From the supporting myrtles round
They snatched her instruments of sound;
And, as they oft had heard, apart,
Sweet lessons of her forceful art,

Each- for madness ruled the hour

Would prove his own expressive power.

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First Fear, his hand, its skill to try,
Amid the chords bewildered laid;
And back recoiled, he knew not why,
Even at the sound himself had made.

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Next, Anger rushed; his eyes, on fire,

In lightnings owned his secret stings;
With one rude clash he struck the lyre,

And swept with hurried hand the strings.

With woful measures, wan Despair

Low, sullen sounds his grief beguiled;
A solemn, strange, and mingled air:
'Twas sad by fits, by starts 'twas wild.

But thou, O Hope! with eyes so fair,
What was thy delighted measure?
Still it whispered promised pleasure,
And bade the lovely scenes at distance hail.
Still would her touch the strain prolong;

And from the rocks, the woods, the vale,
She called on Echo still through all her song;

And, where her sweetest theme she chose,

A soft, responsive voice was heard at every close ; And Hope, enchanted, smiled, and waved her golden hair;

And longer had she sung — but, with a frown,

Revenge impatient rose.

He threw his blood-stained sword in thunder down;
And, with a withering look,

The war-denouncing trumpet took,

And blew a blast, so loud and dread,

Were ne'er prophetic sounds so full of woe;
And, ever and anon, he beat

The doubling drum with furious heat:

And though, sometimes, each dreary pause between, Dejected Pity at his side,

Her soul-subduing voice applied,

Yet still he kept his wild, unaltered mien,

While each strained ball of sight seemed bursting from his head.

Thy numbers, Jealousy, to nought were fixed;
Sad proof of thy distressful state!

Of differing themes the veering song was mixed;
And, now, it courted Love

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now, raving, called on Hate.

With eyes upraised, as one inspired,
Pale Melancholy sat retired;

And, from her wild, sequestered seat,

In notes by distance made more sweet,

Poured through the mellow horn her pensive soul ;

And, dashing soft from rocks around,

Bubbling runnels joined the sound:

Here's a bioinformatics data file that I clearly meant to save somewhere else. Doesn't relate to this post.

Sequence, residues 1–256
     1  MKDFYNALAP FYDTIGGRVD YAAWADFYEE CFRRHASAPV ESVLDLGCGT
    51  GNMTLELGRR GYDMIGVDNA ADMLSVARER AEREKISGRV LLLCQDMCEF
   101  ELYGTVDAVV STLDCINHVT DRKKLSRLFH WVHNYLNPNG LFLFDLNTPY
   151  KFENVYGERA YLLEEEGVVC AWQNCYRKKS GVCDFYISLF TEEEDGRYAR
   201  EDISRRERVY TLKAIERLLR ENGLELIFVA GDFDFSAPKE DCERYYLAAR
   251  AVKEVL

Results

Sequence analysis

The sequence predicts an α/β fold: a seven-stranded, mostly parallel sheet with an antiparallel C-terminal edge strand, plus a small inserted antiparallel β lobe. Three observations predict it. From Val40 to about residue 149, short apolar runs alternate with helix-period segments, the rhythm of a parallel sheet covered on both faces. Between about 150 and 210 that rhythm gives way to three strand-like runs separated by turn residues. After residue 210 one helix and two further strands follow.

Through glades and glooms the mingled measure stole,

Or o'er some haunted stream, with fond delay,

(Round a holy calm diffusing,

Love of peace and lonely musing,)

In hollow murmurs died away.

But, O! how altered was its sprightlier tone, When Cheerfulness, a nymph of healthiest hue,

Her bow across her shoulder flung, Her buskins gemmed with morning dew,

Blew an inspiring air, that dale and thicket rung
The hunter's call, to Faun and Dryad known!
The oak-crowned Sisters, and their chaste-eyed Queen,
Satyrs and sylvan boys were seen,

Peeping from forth their alleys green;
Brown Exercise rejoiced to hear,

And Sport leaped up, and seized his beechen spear.

Last, came Joy's ecstatic trial :

He, with viny crown advancing,

First to the lively pipe his hand addressed;
But soon he saw the brisk awakening viol,
Whose sweet entrancing voice he loved the best.
They would have thought, who heard the strain,
They saw in Tempe's vale her native maids,
Amidst the festal-sounding shades,
To some unwearied minstrel dancing;
While, as his flying fingers kissed the strings,
Love framed with Mirth a gay, fantastic round;
(Loose were her tresses seen, her zone unbound ;)
And he, amidst his frolic play,

As if he would the charming air repay,
Shook thousand odors from his dewy wings.

O Music! sphere-descended maid,
Friend of Pleasure, Wisdom's aid,
Why, goddess! why, to us denied,
Lay'st thou thy ancient lyre aside?
As in that loved Athenian bower,
You learned an all-commanding power,
Thy mimic soul, O nymph endeared,
Can well recall what then it heard.
Where is thy native, simple heart,
Devote to virtue, fancy, art?